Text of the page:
The problems parsing C++ are well known. It can't be parsed purely based on syntax, it can't be done as LALR (whatever the term is, i'm not a language theorist), the language spec is a zillion pages, etc. For that and other reasons I'm deciding on an alternative language for my personal projects.

Vala looks like a good language. Although providing many improvements over C++, is just as troublesome to parse? Or does it have a neat, reasonable length formal grammar, or some logical description, suitable for building parsers for compilers, source analyzers and other tools?

Whatever the answer, does that go for the Genie alternative syntax?

(I also wonder albeit less intensely about D and other post-C++ non-VM languages.)

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    Features are a good reason to choose some specific language for a project, but what does it matter how difficult that language is to parse? (Unless your personal project is writing a compiler for said language). On that note, C++ is not an LR(1) grammar, like Java and C# are, and can potentially involve infinite lookahead. – wkl Nov 27 '10 at 4:52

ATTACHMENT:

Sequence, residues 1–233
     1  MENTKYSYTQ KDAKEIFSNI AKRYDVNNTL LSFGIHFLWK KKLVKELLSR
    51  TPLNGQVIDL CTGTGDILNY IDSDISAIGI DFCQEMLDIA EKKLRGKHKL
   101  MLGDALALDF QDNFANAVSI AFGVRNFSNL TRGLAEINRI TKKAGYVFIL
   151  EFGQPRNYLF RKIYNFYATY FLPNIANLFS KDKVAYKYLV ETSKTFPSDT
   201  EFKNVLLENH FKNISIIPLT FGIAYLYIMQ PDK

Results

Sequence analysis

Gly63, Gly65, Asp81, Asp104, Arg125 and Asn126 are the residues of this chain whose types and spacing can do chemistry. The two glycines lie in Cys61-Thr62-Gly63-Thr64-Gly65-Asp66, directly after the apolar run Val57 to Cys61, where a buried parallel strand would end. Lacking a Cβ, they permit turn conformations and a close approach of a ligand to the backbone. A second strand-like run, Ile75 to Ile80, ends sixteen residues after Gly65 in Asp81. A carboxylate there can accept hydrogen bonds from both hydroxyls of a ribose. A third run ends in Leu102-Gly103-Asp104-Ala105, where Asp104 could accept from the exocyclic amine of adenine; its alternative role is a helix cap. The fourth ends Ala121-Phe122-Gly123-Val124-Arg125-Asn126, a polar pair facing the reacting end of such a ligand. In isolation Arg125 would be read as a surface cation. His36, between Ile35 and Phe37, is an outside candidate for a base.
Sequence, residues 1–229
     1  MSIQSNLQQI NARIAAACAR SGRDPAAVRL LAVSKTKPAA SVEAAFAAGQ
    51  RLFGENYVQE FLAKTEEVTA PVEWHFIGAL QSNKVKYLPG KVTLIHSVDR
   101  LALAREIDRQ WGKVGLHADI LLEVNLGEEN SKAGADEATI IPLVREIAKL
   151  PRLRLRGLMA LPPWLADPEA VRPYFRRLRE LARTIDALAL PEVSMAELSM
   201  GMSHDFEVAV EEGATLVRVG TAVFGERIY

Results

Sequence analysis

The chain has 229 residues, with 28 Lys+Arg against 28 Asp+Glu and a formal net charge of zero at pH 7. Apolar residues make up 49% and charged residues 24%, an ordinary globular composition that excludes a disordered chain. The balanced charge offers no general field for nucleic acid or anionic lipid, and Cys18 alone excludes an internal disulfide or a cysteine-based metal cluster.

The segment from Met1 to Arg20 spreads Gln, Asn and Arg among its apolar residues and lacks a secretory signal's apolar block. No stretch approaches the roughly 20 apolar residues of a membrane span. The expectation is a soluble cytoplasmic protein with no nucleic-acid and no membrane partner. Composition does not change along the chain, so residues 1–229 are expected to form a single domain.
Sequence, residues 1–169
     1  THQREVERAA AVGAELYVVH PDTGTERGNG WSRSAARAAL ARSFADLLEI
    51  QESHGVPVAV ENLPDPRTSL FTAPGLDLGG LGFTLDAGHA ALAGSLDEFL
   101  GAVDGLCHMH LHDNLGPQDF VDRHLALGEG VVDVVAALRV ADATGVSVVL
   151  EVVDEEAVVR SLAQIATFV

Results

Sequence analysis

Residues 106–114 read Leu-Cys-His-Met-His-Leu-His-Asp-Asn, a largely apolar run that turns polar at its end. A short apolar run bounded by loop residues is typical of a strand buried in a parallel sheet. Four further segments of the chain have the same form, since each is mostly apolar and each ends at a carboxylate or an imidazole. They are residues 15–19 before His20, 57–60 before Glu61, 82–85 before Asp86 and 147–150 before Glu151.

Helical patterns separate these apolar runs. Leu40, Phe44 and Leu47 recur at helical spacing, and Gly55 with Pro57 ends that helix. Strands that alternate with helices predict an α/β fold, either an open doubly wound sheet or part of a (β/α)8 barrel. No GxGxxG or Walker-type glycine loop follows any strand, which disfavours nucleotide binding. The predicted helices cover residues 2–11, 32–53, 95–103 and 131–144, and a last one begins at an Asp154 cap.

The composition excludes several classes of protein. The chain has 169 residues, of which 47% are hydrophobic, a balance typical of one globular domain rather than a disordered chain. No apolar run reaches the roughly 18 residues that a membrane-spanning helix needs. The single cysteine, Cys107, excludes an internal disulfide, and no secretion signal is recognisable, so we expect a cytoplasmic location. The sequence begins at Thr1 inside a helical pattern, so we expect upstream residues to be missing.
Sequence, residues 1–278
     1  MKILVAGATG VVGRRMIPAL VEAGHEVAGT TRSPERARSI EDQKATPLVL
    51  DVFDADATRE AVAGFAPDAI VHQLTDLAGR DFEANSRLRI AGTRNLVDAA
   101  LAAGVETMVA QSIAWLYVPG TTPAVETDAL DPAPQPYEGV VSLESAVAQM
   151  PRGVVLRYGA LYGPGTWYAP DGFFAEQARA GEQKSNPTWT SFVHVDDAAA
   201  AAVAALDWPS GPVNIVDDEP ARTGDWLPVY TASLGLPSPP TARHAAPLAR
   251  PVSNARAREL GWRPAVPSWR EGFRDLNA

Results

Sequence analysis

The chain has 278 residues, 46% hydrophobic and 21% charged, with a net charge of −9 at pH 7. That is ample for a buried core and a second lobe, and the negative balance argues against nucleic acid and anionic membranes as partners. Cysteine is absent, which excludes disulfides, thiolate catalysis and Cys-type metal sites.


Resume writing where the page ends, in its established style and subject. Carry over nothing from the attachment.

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    Parsing is easy. People that want to build programming tools seem to focus on parsing as the problem. It is only one of many problems, and in fact it is the easiest since it is well solved. The harder part is acquiring the language semantics and doing something with them. I characterize this as the "climbing Everest" problem; parsing gets you to the foothills and that step is sort of easy. Going from the foothills to the peak requires a whole new class of technology, engineering and sweat (see my bio for what that might look like). – Ira Baxter Nov 27 '10 at 17:13
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    Parsing C++ is in fact undecidable stackoverflow.com/questions/794015/… – Josh Lee Nov 28 '10 at 6:16
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    For those wondering why parse-ability might be important, you might enjoy "The Role of the Study of Programming Languages in the Education of a Programmer" by Daniel Friedman (see cs.indiana.edu/~dfried ). – Weston C Nov 28 '10 at 8:12
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    @jleedev: You seem to be casting FUD. The mentioned SO article is more nuanced than what is implied in your short comment. As a practical matter, parsing C++ is decidable or programmers would stop using C++ compilers. The confusion over local ambiguity vs templates is a non-issue. Local ambiguity of certain phrases is easily solved with standard parser technology (I use GLR in our parser and that works fine). Templates computing halting predicates are different but in practice nobody writes those anyway, and the compilers put finite limits on template processing to boot. – Ira Baxter Nov 28 '10 at 14:48